Paul Manafort and Richard Gates, two of President Trump’s former campaign aides who are under indictment in the special counsel investigation, will be able to travel for the Thanksgiving holiday, a federal judge decided Tuesday.
The two men have been under house arrest since last month, when they were arrested on charges of conspiracy, money laundering and fraud.
Manafort served as Trump’s campaign manager, and Gates was his deputy. They’ve pleaded not guilty to the charges. Prosecutors said after their arrests that with their extensive connections overseas, the men might be flight risks.
Almost one in 10 taxpayers would initially see a tax hike under the revised Senate Republican tax plan, and the proposal would add as much as $2.4 trillion in long-term debt, according to two new analyses raising fresh concerns ahead of next week’s expected Senate vote.
The Tax Policy Center said that while taxes on average would be reduced across all income groups under the plan, 9% of taxpayers would pay more in 2019 and half would pay more by 2027, as the tax cuts for individuals expire. Lower-income households would initially see average tax cuts of $50 a year, about 0.3% of after-tax income, while upper-income households would see cuts of more than $12,000, or 3.5% of after-tax income.
At the same time, a Penn Wharton budget model released Tuesday said revenues would fall between $1.3 trillion and $1.5 trillion by 2027, on par with other outside analyses, but in the next decade, revenues would fall between $1.1 trillion and $2.1 trillion, increasing the federal debt by $1.7 trillion to $2.4 trillion by 2040.
The White House says President Donald Trump plans to speak with Russian President Vladimir Putin on Tuesday.
Trump and Putin spoke informally several times last week when they attended a summit in Vietnam. They agreed on a number of principles for the future of war-torn Syria.
Trump's conversation with the Russian president will follow Putin's Monday meeting with Syrian President Bashar Assad (bah-SHAR' AH'-sahd). Putin hosted Assad at a Black Sea resort ahead of a summit later this week with Russia, Turkey and Iran, as well as U.N.-sponsored peace talks in Geneva.
Some 59,000 Haitians living in the U.S. under temporary status must leave within 18 months, the Trump administration announced Monday.
More than 30,000 of the Haitians affected by the order live in Florida, with another large concentration in New York City.
Haitians who entered the U.S. illegally have been protected against deportation since 2010 under a program known as Temporary Protected Status, which Congress created during the 1990s to avoid sending large numbers of people back to areas suffering from wars or natural disasters.
"It was a rhetorical response to a criticism by the father," @PressSec says of the president's tweet saying he "should have left" the UCLA basketball players in a Chinese jail pic.twitter.com/z3E2Vj6bvg
President Trump does not regret his role in helping to free three UCLA basketball players from detention in China last week, his spokeswoman said on Monday, though his weekend complaint on Twitter suggested otherwise.
Trump posted that message on Twitter after LaVar Ball, the father of one of the players detained on suspicion of shoplifting, LiAngelo Ball, publicly downplayed Trump’s role in securing their release. The three players had expressed thanks to Trump, among others; even before that, however, Trump had tweeted his expectation that they show their gratitude to him.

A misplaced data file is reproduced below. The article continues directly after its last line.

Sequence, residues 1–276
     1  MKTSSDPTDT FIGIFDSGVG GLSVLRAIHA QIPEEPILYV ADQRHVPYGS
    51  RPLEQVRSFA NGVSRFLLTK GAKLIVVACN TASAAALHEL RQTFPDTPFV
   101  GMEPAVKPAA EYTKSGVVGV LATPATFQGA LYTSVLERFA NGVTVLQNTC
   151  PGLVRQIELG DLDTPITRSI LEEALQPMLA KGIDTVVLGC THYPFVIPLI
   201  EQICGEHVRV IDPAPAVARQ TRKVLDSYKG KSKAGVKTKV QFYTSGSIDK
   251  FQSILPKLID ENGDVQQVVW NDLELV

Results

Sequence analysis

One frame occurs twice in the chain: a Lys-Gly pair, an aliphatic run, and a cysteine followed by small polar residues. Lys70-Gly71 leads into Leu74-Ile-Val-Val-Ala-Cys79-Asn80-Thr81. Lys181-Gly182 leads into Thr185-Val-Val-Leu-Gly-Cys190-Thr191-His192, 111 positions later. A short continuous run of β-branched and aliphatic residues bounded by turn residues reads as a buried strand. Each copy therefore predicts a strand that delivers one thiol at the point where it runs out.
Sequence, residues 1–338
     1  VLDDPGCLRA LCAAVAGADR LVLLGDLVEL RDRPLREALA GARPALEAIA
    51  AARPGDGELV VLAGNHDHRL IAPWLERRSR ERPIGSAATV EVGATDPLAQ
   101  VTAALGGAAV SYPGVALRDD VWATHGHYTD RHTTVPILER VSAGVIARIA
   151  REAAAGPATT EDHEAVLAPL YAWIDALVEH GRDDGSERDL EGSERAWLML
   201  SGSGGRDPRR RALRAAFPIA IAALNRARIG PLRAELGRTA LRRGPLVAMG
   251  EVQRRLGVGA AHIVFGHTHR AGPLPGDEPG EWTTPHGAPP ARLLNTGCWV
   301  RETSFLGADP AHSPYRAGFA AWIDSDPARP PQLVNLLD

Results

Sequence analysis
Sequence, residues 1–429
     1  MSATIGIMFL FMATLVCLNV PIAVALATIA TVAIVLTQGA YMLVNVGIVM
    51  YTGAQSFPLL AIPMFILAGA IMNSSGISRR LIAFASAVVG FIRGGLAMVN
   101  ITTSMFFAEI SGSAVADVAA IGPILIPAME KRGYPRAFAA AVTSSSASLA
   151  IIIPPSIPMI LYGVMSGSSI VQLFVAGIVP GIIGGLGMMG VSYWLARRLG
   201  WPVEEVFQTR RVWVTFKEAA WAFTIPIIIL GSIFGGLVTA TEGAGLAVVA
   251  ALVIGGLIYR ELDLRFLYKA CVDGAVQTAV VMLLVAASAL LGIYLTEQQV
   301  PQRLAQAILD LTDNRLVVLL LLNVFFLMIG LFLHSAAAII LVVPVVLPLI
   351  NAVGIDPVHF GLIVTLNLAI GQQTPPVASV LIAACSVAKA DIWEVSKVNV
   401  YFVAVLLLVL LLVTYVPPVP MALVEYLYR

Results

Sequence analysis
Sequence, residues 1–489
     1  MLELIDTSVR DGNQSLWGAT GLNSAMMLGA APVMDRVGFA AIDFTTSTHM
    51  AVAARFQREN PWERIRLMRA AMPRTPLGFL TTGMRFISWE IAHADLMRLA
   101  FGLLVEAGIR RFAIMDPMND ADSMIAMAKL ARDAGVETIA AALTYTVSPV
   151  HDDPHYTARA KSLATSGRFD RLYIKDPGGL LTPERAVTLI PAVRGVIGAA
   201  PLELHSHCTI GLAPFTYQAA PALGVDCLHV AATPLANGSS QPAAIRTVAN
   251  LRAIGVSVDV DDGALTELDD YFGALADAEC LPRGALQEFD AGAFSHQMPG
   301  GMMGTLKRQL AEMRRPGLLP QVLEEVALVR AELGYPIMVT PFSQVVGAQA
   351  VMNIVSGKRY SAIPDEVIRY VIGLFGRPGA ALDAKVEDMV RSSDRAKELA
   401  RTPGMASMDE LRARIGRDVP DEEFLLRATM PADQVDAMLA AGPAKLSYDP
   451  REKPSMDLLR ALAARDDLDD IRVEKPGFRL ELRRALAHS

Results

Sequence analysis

Secretary of State Rex Tillerson on Monday defended his department against mounting reports of low morale and unease among staff with its direction.
Tillerson has launched a major “redesign” of the unwieldy agency but was blasted last week by lawmakers on both sides of the aisle for his handling of the process, which some blame for driving out many veteran diplomats.
Tillerson’s spokeswoman, Heather Nauert, acknowledged on Friday for the first time that there were morale problems at the department.
Federal Reserve Chairwoman Janet L. Yellen submitted her resignation Monday, effective when her successor is sworn in, providing President Trump another seat to fill on the central bank’s board.
Trump decided not to renominate Yellen, 71, to lead the Fed, opting this month to tap Fed Gov. Jerome H. Powell instead.
Yellen’s four-year term as the first woman to chair the Fed Board of Governors expires on Feb. 3. Her term as a board member doesn’t end until January 2024 and she could have stayed on the Fed board until then.
President Trump says he is putting North Korea back on the small list of official “state sponsors of terrorism,” a move that could lead to additional sanctions against the nuclear-armed government.
Trump said the designation is part of a sanctions regime that would include “a very large” new sanction on Tuesday and increase in intensity over the next two weeks. By then, he said, sanctions would be at their highest level ever.
“It should have happened years ago,” Trump said at the start of a Cabinet meeting, calling North Korea "a murderous regime."
A second woman has accused Minnesota Sen. Al Franken of inappropriate touching.
Lindsay Menz tells CNN that Franken placed his hand on her bottom as they posed for a photo at the Minnesota State Fair in 2010, two years into Franken's first term.
The 33-year-old Menz told CNN that the interaction made her feel "gross." She says she immediately told her husband that Franken had "grabbed" her bottom.
A woman tells CNN that Al Franken grabbed her buttocks while she was taking a photo with the sitting US senator in 2010. Franken says he doesn’t remember the photo and feels “badly” that she felt disrespected. https://t.co/MlOuFCqKaipic.twitter.com/yHTbGR34gC